Deer stalking skills taught in Scotland project on Highlands public nature reserve in first-of-its kind initiative

Nearby residents who take part in the training will be able to shoot deer for their own consumption

Residents living near one of Scotland’s nature reserves are being given the opportunity to learn how to stalk deer in a first-of-its kind project.

NatureScot said its Creag Meagaidh National Nature Reserve (NNR) would be running a community deer management pilot offering deer stalking skills and, when fully trained, free access to the reserve to shoot the animal for their own consumption.

Hide Ad
Hide Ad

Community models of deer management are common in many European countries. But this is the first time the idea has been tried on publicly-owned land in Scotland, the Government’s nature agency said.

The Allt Coire Ardair and glacial moraines at Creag Meagaidh National Nature Reserve (pic: Lorne Gill/NatureScot)The Allt Coire Ardair and glacial moraines at Creag Meagaidh National Nature Reserve (pic: Lorne Gill/NatureScot)
The Allt Coire Ardair and glacial moraines at Creag Meagaidh National Nature Reserve (pic: Lorne Gill/NatureScot)

So far, ten participants have signed up to the initiative. While some are already fully qualified and experienced in deer stalking, others have been undergoing training with NatureScot staff in the required skills and qualifications.

The aim of the project is to encourage more community involvement at Creag Meagaidh and develop skills in the local area.

With access to a deer larder on the reserve, participants and the wider community will also benefit from increased access to venison, which is viewed one of Scotland’s healthiest and sustainable food products with zero food miles.

NatureScot said the project would assist with the reserve’s deer cull, which is crucial for protecting and restoring Creag Meagaidh’s regenerating native woodlands and other habitats.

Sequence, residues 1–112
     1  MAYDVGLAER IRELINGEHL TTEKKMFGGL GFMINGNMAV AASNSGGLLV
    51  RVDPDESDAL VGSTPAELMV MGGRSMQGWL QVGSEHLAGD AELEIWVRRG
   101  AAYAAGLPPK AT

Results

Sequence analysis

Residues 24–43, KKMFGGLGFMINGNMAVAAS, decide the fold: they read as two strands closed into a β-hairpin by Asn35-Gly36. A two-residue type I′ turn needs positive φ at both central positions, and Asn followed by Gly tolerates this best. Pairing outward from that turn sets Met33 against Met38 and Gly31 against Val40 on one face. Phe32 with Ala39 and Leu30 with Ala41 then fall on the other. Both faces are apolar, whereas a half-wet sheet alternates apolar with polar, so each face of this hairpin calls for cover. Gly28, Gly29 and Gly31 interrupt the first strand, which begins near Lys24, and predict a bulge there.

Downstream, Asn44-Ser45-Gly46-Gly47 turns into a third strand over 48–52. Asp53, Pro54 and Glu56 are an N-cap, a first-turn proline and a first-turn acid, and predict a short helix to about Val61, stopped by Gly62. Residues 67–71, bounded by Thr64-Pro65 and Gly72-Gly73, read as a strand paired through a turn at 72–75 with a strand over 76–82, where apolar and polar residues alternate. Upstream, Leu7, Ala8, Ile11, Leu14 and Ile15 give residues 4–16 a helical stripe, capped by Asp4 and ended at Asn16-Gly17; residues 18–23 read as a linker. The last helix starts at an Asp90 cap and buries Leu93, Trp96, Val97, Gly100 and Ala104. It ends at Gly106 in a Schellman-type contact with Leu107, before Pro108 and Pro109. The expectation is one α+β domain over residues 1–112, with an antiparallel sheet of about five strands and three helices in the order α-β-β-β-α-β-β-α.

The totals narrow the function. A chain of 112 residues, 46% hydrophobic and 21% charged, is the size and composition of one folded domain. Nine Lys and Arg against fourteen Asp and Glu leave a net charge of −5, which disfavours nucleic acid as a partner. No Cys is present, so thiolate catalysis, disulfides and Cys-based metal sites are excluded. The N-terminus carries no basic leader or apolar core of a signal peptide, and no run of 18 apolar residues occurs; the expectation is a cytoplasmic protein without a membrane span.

The move supports recommendations from the independent Deer Working Group, which recognised the benefits of more local consumption of venison.

Rory Richardson, of NatureScot, said: “We’re still at the early stages, but so far the pilot has been really successful and the feedback from participants has been very positive.

“There’s a real mix of experience, with some people who have all of the required deer stalking qualifications and skills and others who have never done it before. With the training and practice offered under the scheme, some members have progressed to stalking deer on their own.

Hide Ad
Hide Ad

“It’s all about developing skills as well as getting more community involvement in the reserve and how we manage it for nature. And although we have the capacity to manage the deer numbers at Creag Meagaidh on our own, it will help with our vital work to protect and restore the reserve’s habitats as well.”

Bob Murdoch, a local resident taking part in the scheme, said: “I have enjoyed stalking since I was young, but opportunities tended to be limited as it is fairly expensive and often relies on knowing people willing to let you onto their land.

“Importantly, the community stalking is not about letting just anyone on to the hill with a firearm. A minimum standard of experience is required and group members are being helped to obtain the industry standard Deer Management Qualifications to ensure stalking is done safely and professionally. One of the big advantages of the scheme is being able to keep the venison.

“The scheme really is ground-breaking, and as a group we are extremely grateful to the staff of NatureScot, both at a management level and on the ground at Creag Meagaidh, who have gone out of their way to make the community stalking a success.”

NatureScot has recently advertised an additional community stalking scheme at Beinn Eighe National Nature Reserve.



Want to join the conversation? Please or to comment on this article.